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Frida Kahlo


óleo sobre aluminio / oil on aluminum

29 1/4" x 33 1/4" (framed)

“It is fuchsia on the outside and hides the subtlety of a whitish-gray pulp flecked with little black spots that are its seeds inside. This is a wonder! Fruits are like flowers: they speak to us in provocative language and teach us things that are hidden.”
—Frida Kahlo

Drawn from the artist’s garden, Pitahayas refers to the five bright pink fruit in the center of the composition. Kahlo painted the arrangement on a piece of metal in the style of an ex-voto—a small devotional painting on tin in the Mexican folk art tradition. These religious paintings were typically commissioned by a person giving thanks to a saint or divine entity after suffering from an illness or experiencing tragedy. Kahlo had a large collection of ex-votos that covered the walls of her home and studio.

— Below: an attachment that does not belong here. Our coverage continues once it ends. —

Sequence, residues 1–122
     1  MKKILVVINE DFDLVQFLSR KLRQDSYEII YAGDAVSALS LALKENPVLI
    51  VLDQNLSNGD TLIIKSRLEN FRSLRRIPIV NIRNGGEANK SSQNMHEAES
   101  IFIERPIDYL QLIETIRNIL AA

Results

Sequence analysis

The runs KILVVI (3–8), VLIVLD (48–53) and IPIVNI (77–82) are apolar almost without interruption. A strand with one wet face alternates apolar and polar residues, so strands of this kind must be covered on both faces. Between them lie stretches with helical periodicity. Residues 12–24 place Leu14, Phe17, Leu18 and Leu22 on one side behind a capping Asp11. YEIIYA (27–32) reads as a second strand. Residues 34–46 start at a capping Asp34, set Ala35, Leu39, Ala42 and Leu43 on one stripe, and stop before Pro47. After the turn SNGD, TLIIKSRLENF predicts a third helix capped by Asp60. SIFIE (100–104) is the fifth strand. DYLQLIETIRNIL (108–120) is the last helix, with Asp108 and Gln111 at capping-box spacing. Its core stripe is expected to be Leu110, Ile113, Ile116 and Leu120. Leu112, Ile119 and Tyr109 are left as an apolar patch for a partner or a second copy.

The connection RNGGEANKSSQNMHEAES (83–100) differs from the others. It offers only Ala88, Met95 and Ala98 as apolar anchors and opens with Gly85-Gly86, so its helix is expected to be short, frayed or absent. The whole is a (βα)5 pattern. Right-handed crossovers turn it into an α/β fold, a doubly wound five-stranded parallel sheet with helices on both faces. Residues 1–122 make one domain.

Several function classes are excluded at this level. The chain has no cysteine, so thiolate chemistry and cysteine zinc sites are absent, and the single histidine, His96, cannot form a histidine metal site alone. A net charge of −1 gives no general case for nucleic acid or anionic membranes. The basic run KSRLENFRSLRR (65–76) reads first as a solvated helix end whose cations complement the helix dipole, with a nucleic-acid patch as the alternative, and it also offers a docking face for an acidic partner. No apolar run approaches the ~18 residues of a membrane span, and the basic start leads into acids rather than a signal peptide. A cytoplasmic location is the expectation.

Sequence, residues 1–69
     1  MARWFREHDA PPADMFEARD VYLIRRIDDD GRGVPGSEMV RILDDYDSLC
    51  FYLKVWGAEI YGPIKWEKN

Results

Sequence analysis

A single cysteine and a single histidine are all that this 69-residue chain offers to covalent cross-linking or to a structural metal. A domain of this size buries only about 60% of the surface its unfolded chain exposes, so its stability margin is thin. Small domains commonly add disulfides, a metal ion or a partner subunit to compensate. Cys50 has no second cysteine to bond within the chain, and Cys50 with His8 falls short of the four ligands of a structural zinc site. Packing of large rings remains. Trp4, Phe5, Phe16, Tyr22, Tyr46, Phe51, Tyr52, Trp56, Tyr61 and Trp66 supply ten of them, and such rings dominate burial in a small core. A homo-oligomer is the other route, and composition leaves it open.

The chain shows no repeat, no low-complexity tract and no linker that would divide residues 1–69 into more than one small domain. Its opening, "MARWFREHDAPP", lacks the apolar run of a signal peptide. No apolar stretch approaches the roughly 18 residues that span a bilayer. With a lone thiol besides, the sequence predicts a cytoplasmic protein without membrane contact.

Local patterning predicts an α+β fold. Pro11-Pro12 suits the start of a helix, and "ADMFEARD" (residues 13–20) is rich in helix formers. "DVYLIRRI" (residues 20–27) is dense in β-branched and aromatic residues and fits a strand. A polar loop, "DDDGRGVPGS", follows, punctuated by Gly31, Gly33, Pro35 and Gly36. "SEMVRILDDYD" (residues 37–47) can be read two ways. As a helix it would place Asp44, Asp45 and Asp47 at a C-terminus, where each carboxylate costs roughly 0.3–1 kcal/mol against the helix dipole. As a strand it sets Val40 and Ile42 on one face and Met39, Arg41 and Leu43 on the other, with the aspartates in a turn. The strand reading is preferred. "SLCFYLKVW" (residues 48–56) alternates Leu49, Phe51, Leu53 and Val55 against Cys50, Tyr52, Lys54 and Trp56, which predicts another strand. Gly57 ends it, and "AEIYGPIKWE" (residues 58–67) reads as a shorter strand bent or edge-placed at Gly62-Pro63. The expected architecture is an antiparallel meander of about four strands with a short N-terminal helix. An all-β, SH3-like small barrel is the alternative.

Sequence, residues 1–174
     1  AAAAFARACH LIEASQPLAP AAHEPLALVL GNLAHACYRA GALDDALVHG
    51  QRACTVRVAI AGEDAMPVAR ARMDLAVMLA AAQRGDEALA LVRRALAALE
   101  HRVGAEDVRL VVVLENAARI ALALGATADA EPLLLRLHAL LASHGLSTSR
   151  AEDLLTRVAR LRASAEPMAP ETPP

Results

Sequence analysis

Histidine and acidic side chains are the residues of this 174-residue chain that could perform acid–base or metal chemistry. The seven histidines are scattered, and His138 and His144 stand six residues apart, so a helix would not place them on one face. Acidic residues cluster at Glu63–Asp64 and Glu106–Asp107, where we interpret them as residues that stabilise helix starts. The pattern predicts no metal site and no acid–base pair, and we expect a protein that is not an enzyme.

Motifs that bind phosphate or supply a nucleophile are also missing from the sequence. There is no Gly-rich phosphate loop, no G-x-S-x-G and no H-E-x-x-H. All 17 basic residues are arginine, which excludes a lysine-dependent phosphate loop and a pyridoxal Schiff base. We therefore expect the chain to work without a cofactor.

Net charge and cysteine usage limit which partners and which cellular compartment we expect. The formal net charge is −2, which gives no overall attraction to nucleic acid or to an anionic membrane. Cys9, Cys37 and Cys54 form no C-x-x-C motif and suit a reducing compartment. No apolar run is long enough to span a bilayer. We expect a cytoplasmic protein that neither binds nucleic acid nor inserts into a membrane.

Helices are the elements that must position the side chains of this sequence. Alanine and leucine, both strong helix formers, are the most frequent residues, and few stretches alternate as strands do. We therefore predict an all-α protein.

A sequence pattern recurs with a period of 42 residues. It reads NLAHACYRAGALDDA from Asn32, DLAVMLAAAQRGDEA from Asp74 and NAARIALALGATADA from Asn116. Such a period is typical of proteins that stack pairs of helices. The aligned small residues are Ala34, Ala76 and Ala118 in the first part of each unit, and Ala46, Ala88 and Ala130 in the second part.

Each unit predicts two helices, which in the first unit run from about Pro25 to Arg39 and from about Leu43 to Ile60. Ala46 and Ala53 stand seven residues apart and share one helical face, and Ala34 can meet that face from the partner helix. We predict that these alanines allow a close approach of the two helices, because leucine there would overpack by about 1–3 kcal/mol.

In this context, Kahlo’s unassuming still life can be read as a personal allusion to her rise from tragedy that culminates in immense gratitude for her life and successful artistic career. The personal iconography she imbued in her work often referenced the intense physical pain she endured as a result of contracting polio in 1913, a tram accident in 1925, and suffering multiple miscarriages. Within this framework, Kahlo often depicted vegetation as a symbol of fertility and regeneration. She also drew directly from medical textbooks—one of the pitahayas is sliced directly in two and mirrors a dissected cell undergoing cellular division. Throughout this small oil painting are references to the artist’s preoccupation with the life cycle, regeneration, and her conviction that life fertilizes death.

Pitahayas evolved over time and in 1939, upon her return from exhibiting in Paris, she learned her husband, fellow artist Diego Rivera, wanted a divorce. Kahlo changed the expression of the skeleton from a smile to a frown. Much like the pitahaya, with its delicate, fleshy center concealed inside a bright pink exterior, Kahlo embedded a deeply personal history in this painting, suggesting the work is not only a still life, but an intimate self-portrait.


Donación de Rudolph y Louise Langer / Bequest of Rudolph and Louise Langer